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“The PROAs are a necessary investment in health centers. They were born almost spontaneously, by the will of health professionals who saw the need. It is still difficult to find resources in the hospitals assigned to the PROAs. I believe that these are the duties that remain for us to do. They must be included in the portfolio of hospital services and of health centers as other basic services, ”claims the director of the AEMPS.

hypermedicalized culture

Neither the prevention teams, nor the investment, nor the development of new antibiotics can be effective if there is not a change in the culture of drug taking.

Piñeiro calls for responsible use from both sides; by health professionals, prescribing antibiotics only when there is evidence or high suspicion of bacterial infection and by patients, complying with treatment times and guidelines:

“A one-year-old boy diagnosed with acute otitis media. At that age, it is recommended to use an antibiotic called Amoxicillin, in high doses, every eight hours, for a week. What happens if we don’t make it that week? For example, he takes it for three days, he is already well and we stop taking it: high risk of recurrence.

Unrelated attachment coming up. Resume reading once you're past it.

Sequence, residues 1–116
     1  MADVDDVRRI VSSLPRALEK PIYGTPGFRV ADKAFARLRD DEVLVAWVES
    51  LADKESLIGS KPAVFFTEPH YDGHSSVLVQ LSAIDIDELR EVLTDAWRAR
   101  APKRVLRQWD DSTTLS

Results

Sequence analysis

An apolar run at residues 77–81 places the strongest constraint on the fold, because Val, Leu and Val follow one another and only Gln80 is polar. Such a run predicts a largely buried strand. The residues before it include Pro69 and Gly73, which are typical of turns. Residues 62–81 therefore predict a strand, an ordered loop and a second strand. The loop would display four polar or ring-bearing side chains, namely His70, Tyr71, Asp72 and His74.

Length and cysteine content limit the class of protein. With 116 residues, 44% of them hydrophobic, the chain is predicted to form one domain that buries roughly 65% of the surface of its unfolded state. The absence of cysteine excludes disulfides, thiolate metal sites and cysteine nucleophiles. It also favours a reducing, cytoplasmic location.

In the opposite case, if the recommended time is exceeded, what happens is that other neighboring bacteria are exposed to the antibiotic and, with that information, begin to develop resistance mechanisms. Pathogens can learn to defend themselves against our weapons.

“There is still a lot of education needed for families so that they understand that many processes are natural and are defense mechanisms of the body, including the fever, the blissful cough and the blissful snot. are all necessary, we can do something to alleviate these symptoms, but it is not correct to eliminate them completely because we are removing the possibility that our body defends itself. We come from a hypermedicalized culture. Not everything has to be treated or removed. Many times you have to wait to see how it evolves.

Lastly, he makes a request to the parents that he knows they will not like: «Don’t press for curative medicine because, very often, particularly in pediatrics, there is none. 95% of the infections that children have are viral and, for viruses, antibiotics do not help».